Coordinator, Maine Studies
Research Associate, History
University of Maine
The presentation of the play here at the University, together with the discussion session that followed, was a significant emotional and educational moment for the people of this area…Your presentation personalizes the human tension in ways that everyone can understand, cry about and laugh about. You have captured the richness of very complex but real human emotions of a generation that revels in having “arrived”, and at the same time suddenly confronts the true price of that accomplishment…The productions causes one to think through personal complexities and to delve into the particular issue you present but also to go beyond into the broader aspects of youth and intergenerational messages and imprints. In short, it is a marvelous door to explore complex issues within the Franco-American community but also a challenge for all Americans of whatever ethnic backgrounds.
President, University of Maine Fort Kent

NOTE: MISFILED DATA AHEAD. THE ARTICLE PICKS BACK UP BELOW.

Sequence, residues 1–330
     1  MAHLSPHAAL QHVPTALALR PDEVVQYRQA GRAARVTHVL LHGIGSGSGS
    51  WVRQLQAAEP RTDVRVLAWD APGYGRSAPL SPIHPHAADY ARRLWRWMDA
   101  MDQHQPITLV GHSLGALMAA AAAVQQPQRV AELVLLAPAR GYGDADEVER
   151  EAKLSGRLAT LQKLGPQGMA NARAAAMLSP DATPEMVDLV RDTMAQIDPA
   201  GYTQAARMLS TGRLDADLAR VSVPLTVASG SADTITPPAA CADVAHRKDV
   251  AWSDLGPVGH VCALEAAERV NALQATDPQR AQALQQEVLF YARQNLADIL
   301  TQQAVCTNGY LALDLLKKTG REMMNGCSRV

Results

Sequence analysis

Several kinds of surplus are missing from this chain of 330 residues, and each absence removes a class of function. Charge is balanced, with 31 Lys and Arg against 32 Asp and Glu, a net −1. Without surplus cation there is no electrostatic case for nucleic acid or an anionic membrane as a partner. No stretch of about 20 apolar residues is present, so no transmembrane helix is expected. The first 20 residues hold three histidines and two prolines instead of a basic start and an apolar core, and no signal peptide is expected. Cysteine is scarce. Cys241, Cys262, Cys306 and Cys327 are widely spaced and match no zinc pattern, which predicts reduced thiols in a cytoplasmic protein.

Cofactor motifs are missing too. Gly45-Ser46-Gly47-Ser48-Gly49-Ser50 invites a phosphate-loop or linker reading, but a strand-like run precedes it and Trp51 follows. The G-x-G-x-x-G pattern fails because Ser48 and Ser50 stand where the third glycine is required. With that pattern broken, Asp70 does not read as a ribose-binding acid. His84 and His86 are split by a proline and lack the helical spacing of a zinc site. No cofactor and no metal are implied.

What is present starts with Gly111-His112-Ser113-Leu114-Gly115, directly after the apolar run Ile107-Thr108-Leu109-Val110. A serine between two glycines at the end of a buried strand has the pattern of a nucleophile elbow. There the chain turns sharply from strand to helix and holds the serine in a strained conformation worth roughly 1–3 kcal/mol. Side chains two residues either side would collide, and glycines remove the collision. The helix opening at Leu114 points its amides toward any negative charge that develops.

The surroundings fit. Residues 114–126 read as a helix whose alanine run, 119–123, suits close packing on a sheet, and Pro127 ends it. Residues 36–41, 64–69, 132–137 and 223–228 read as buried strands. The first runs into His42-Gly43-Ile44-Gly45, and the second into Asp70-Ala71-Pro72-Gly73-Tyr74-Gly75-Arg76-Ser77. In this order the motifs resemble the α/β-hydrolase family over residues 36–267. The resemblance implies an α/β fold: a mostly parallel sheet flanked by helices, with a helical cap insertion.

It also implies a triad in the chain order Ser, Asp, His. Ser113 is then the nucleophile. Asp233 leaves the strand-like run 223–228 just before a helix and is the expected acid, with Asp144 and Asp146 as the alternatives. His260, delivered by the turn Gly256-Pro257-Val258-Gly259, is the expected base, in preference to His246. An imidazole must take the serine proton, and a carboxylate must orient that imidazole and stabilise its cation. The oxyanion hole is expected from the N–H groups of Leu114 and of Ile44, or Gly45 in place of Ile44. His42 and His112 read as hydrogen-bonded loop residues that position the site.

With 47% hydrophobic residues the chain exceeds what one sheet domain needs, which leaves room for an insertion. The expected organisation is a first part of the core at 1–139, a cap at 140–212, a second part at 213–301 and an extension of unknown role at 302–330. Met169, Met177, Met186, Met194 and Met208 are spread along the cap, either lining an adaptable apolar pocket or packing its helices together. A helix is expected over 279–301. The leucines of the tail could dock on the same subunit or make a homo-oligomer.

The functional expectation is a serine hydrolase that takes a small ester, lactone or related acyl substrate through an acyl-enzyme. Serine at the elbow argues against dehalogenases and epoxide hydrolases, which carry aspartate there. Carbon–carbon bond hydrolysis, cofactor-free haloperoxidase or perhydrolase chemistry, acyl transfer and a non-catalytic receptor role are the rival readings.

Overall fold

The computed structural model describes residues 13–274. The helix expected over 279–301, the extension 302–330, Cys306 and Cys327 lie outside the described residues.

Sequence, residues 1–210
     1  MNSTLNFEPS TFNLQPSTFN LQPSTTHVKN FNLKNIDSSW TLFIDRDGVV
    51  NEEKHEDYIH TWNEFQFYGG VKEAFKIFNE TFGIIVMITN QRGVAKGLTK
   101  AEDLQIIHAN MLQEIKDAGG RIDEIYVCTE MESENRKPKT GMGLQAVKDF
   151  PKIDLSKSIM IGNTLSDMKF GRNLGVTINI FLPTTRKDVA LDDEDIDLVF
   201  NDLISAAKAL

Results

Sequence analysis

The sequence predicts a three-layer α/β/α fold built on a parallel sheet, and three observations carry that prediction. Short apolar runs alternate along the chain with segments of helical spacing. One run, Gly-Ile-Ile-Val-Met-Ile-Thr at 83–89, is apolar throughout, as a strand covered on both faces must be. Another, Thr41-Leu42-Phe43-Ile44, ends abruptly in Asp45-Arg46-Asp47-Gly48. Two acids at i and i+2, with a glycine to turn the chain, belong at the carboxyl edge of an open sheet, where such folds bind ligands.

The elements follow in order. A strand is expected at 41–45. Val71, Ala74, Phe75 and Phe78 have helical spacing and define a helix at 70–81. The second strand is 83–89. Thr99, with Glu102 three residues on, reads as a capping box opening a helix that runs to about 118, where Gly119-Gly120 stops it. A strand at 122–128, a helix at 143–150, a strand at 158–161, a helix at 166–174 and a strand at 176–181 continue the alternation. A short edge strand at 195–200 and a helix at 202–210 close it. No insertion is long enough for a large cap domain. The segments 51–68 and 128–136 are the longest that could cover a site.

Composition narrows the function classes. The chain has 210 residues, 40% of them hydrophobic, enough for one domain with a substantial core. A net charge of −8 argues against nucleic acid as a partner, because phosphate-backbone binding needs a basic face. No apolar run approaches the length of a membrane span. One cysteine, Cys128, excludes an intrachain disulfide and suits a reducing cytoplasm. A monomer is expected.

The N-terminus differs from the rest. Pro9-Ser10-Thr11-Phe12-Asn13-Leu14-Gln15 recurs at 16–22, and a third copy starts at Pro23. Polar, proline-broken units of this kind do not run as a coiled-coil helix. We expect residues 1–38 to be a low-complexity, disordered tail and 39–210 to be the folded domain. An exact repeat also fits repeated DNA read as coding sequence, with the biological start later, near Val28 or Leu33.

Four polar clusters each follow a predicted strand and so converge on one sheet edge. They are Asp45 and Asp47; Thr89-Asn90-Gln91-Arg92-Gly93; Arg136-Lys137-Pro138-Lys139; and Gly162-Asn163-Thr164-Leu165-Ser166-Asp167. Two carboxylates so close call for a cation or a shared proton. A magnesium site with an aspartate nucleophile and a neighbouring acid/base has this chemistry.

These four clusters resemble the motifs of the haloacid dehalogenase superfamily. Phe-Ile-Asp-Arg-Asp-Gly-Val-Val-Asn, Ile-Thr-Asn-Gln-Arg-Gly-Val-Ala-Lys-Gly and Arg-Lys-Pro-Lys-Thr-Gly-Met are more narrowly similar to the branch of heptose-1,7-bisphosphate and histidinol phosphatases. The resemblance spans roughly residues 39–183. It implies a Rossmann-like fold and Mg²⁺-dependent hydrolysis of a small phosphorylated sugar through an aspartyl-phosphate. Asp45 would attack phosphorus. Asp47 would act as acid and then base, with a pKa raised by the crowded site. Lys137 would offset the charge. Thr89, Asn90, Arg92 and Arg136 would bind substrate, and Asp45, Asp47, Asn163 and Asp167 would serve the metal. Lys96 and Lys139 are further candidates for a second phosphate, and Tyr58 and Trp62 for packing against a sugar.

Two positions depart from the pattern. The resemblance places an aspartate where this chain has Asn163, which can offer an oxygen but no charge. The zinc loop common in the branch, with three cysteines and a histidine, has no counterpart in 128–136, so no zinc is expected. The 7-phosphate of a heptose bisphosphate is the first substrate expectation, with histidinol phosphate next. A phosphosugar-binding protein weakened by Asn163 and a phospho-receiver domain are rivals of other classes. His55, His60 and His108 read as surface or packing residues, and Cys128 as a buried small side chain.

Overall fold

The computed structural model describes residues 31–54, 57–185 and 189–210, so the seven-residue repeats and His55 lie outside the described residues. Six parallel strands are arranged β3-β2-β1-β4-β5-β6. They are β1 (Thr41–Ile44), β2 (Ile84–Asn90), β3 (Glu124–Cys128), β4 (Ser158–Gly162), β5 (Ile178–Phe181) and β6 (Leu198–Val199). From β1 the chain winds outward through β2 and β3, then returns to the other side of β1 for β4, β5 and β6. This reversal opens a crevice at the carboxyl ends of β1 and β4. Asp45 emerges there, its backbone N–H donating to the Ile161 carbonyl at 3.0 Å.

I heartily recommend Susan Poulin and the production of Pardon My French! to my colleagues in higher educations. Her play is professional, entertaining, musically enjoyable and had me laughing out loud one minute and then almost in tears the next as I reflected on a memory in my own life that was touched by Susan’s incredible performance. In our region we have a large number of French-American folks but what really impressed me was the way that Susan connected with other folks of different cultural and ethnic heritages. Her play may be about French immigrants in our country, but it relates to the immigrant in all of us.
Paula S. Gagnon
Dean of Students
York County Community College